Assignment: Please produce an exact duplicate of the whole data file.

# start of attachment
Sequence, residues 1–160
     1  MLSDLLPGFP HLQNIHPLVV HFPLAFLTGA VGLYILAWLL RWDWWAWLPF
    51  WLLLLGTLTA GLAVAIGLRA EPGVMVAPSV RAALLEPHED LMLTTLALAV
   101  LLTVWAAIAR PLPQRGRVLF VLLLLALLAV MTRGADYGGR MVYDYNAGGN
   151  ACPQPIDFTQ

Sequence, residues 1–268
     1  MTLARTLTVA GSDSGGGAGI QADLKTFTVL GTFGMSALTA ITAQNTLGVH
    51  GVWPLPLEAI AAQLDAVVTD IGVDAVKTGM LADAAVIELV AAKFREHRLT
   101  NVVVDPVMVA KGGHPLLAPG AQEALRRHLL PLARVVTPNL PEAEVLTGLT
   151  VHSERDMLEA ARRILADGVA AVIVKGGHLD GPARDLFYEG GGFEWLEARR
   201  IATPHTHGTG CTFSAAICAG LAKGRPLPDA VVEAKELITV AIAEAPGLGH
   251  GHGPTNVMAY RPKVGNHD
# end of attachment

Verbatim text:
Sequence, residues 1–160
     1  MLSDLLPGFP HLQNIHPLVV HFPLAFLTGA VGLYILAWLL RWDWWAWLPF
    51  WLLLLGTLTA GLAVAIGLRA EPGVMVAPSV RAALLEPHED LMLTTLALAV
   101  LLTVWAAIAR PLPQRGRVLF VLLLLALLAV MTRGADYGGR MVYDYNAGGN
   151  ACPQPIDFTQ

Sequence, residues 1–268
     1  MTLARTLTVA GSDSGGGAGI QADLKTFTVL GTFGMSALTA ITAQNTLGVH
    51  GVWPLPLEAI AAQLDAVVTD IGVDAVKTGM LADAAVIELV AAKFREHRLT
   101  NVVVDPVMVA KGGHPLLAPG AQEALRRHLL PLARVVTPNL PEAEVLTGLT
   151  VHSERDMLEA ARRILADGVA AVIVKGGHLD GPARDLFYEG GGFEWLEARR
   201  IATPHTHGTG CTFSAAICAG LAKGRPLPDA VVEAKELITV AIAEAPGLGH
   251  GHGPTNVMAY RPKVGNHD